Primal Review: An Intense Masterpiece

Genndy Tartatovsky's name has been attached to some of the most prolific projects in animation, [...]

Genndy Tartatovsky's name has been attached to some of the most prolific projects in animation, and some of the most varied. Incredibly popular franchises like Hotel Transylvania and Samurai Jack, and even less popular attempts like Sym-Bionic Titan come to mind, and hopes rise higher and higher with each one of his new projects. But even still, Primal seems like the most ambitious undertaking yet. A completely dialogue-free animated series set in the prehistoric era, Primal is putting its complete trust in the audience that they'll be able to fully immerse themselves in this world. A trust that also comes with a lot of pressure.

Luckily for both sides, the trust put between the audience and Primal is completely rewarded. Allowing yourself to completely sink into the series' environmental storytelling results in a visceral, brutally unrelenting, and emotionally refreshing experience.

The series follows a caveman, dubbed "Spear" by the credits, a powerful hunter who's soon struck by tragedy. Happening upon a tyrannosaurus, dubbed "Fang," that suffers the same unfortunate tragedy, the two form solidarity in their losses. This leads them to unexpectedly work together and put their new-found bond to extreme tests as the various violent, unyielding, and sometimes supernatural threats continually make it harder to keep fighting.

Survival is the thematic throughline for the series. Spear and Fang's journey is all about finding the hope in daily life as a way to keep living in a bleak world, and the streamlined presentation of the series helps zoom in on that theme. The lack of dialogue initially seems like a hurdle needing to be overcome, but ends up becoming one of the biggest strengths. It's almost as if dialogue was an unnecessary distraction filtered out.

Characters emote gorgeously, and each frame of the series is fluidly animated. The storyboarding of the series makes physical movement especially prominent as physicality is mined for emotion. With lots of zoom-in shots on eyes, for example, there's a deeper and more intense connection to the characters. It's impressive considering most of the characters are ancient beasts and prehistoric animals, but it all feels natural.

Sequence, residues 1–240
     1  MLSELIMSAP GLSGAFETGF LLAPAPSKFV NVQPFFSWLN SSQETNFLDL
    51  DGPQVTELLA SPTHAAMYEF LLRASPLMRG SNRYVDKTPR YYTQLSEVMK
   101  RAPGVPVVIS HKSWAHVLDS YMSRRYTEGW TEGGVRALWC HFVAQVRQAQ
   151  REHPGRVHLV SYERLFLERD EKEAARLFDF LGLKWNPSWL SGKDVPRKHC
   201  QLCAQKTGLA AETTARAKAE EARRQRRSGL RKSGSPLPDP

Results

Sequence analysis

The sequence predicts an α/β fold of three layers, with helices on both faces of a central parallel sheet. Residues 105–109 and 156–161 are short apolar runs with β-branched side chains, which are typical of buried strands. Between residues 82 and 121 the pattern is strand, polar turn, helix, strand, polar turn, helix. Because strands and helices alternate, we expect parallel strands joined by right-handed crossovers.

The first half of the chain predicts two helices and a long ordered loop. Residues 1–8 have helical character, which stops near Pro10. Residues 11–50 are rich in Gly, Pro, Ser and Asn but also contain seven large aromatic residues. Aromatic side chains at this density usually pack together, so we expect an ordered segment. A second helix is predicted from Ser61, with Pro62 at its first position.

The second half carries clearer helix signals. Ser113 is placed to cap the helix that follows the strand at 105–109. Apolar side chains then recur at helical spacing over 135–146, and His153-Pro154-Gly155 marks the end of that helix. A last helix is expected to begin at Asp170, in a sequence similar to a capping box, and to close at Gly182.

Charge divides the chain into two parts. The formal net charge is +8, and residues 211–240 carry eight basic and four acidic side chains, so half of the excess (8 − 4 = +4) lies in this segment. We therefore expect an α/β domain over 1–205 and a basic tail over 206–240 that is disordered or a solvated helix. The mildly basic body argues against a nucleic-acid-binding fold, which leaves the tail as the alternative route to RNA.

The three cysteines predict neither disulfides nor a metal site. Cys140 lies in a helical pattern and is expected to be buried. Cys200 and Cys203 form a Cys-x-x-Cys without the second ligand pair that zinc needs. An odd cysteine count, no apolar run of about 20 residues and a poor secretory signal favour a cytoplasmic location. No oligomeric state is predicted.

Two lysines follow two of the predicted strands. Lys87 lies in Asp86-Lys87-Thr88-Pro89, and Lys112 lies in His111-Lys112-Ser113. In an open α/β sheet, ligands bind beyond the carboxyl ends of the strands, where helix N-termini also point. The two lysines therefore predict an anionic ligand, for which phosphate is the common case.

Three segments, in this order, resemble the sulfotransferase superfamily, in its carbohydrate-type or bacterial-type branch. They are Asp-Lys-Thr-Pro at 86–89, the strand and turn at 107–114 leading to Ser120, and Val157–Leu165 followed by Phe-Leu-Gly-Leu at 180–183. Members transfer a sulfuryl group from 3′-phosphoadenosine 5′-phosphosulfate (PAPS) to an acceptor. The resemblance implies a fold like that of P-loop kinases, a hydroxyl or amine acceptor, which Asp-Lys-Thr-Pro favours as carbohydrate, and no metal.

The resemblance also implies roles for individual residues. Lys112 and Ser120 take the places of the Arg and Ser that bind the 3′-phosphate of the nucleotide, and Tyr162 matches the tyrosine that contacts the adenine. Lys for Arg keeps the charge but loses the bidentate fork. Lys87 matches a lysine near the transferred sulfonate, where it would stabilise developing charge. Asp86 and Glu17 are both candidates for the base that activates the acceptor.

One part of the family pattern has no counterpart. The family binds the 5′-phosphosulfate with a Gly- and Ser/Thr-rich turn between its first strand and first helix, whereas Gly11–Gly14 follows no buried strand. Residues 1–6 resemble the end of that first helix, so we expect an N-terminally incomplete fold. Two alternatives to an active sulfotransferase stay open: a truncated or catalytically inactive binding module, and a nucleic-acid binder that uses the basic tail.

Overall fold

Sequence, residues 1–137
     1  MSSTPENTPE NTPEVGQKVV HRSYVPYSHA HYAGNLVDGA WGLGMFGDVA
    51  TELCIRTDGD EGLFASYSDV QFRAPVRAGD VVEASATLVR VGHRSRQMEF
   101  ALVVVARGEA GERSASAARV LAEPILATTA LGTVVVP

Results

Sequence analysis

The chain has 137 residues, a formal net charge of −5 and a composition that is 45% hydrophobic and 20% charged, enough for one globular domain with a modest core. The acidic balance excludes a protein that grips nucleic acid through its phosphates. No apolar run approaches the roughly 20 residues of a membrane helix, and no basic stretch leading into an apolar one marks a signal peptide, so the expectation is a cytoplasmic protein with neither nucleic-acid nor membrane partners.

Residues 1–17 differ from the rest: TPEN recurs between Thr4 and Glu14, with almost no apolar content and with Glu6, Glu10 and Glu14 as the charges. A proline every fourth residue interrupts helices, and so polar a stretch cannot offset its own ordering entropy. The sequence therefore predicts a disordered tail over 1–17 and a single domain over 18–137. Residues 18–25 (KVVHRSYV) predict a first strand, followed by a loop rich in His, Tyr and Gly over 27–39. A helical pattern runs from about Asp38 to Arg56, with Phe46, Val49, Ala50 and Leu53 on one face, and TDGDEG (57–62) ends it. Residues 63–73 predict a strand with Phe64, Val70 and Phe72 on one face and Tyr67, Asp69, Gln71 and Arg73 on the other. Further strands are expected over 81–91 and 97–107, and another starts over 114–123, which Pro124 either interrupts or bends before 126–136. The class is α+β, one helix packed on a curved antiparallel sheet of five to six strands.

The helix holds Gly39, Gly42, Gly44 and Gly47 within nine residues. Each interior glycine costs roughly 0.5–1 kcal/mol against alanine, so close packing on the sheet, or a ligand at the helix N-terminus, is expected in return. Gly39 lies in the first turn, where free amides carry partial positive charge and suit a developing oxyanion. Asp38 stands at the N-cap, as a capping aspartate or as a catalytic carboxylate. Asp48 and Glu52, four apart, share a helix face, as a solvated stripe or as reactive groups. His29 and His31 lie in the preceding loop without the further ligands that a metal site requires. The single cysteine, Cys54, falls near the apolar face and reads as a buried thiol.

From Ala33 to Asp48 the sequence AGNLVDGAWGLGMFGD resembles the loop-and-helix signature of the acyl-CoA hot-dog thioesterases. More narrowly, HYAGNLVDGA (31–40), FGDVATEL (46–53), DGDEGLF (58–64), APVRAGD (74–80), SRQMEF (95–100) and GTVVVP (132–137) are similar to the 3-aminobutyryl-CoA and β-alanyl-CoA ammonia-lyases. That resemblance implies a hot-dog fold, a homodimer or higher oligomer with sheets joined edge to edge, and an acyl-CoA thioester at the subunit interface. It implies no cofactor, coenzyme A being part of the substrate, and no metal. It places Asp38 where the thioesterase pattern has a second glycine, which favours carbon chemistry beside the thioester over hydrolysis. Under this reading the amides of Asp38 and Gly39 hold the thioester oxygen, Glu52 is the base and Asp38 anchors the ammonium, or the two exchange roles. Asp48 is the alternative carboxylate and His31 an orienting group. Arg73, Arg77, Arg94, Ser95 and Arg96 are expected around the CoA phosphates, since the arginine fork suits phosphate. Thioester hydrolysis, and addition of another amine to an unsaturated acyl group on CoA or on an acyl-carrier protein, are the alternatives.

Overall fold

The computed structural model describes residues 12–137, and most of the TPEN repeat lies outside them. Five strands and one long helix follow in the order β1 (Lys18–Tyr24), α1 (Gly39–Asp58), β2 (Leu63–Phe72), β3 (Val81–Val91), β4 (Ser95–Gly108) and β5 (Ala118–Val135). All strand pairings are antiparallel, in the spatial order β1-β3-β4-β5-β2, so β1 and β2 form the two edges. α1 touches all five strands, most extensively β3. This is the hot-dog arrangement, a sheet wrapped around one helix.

As the natural result of the experimental delivery of Samurai Jack on occasion, each layer of Primal is excellently crafted. Environments are varied across the series' five episodes, and each new setting helps to emphasize how wide Spear's world is. The color palette is rich with vibrant colors boldly framing each action. Striking reds for blood, pastel skies, deep greens, and more further mystify the setting. The same goes for the sound production, scored by Guardians of the Galaxy composer Tyler Bates, and lighting, that cement a great tone for the series. There's one particularly effective shadow puppet scene, for example, that's a perfect showcase for how well everything is married in the final product.

There's an inherent beauty to be found even within the series' brutal displays of violence. It never breaches the realm of grotesqueness, and though there might be an excitement in seeing it play out from time to time, violence is a means to an end. It's an unavoidable facet of living in this savage world, and thus feels as natural as the rest of the presentation. As one would expect from such a set food chain, there's a consequence to each violent act⁠—emotional or otherwise.

Primal is the culmination of years of experimentation, and it's an incredible project densely packed with a wide range of emotions. Portraying the surprising serenity to be found in savagery, this series has an honesty that continues to reveal itself the more times you watch. It's an intense, powerful, and brutal masterpiece.

Rating: 5 out of 5

This review is based off of Primal's initial five-episode limited series run. The series is now airing Saturday nights on Adult Swim.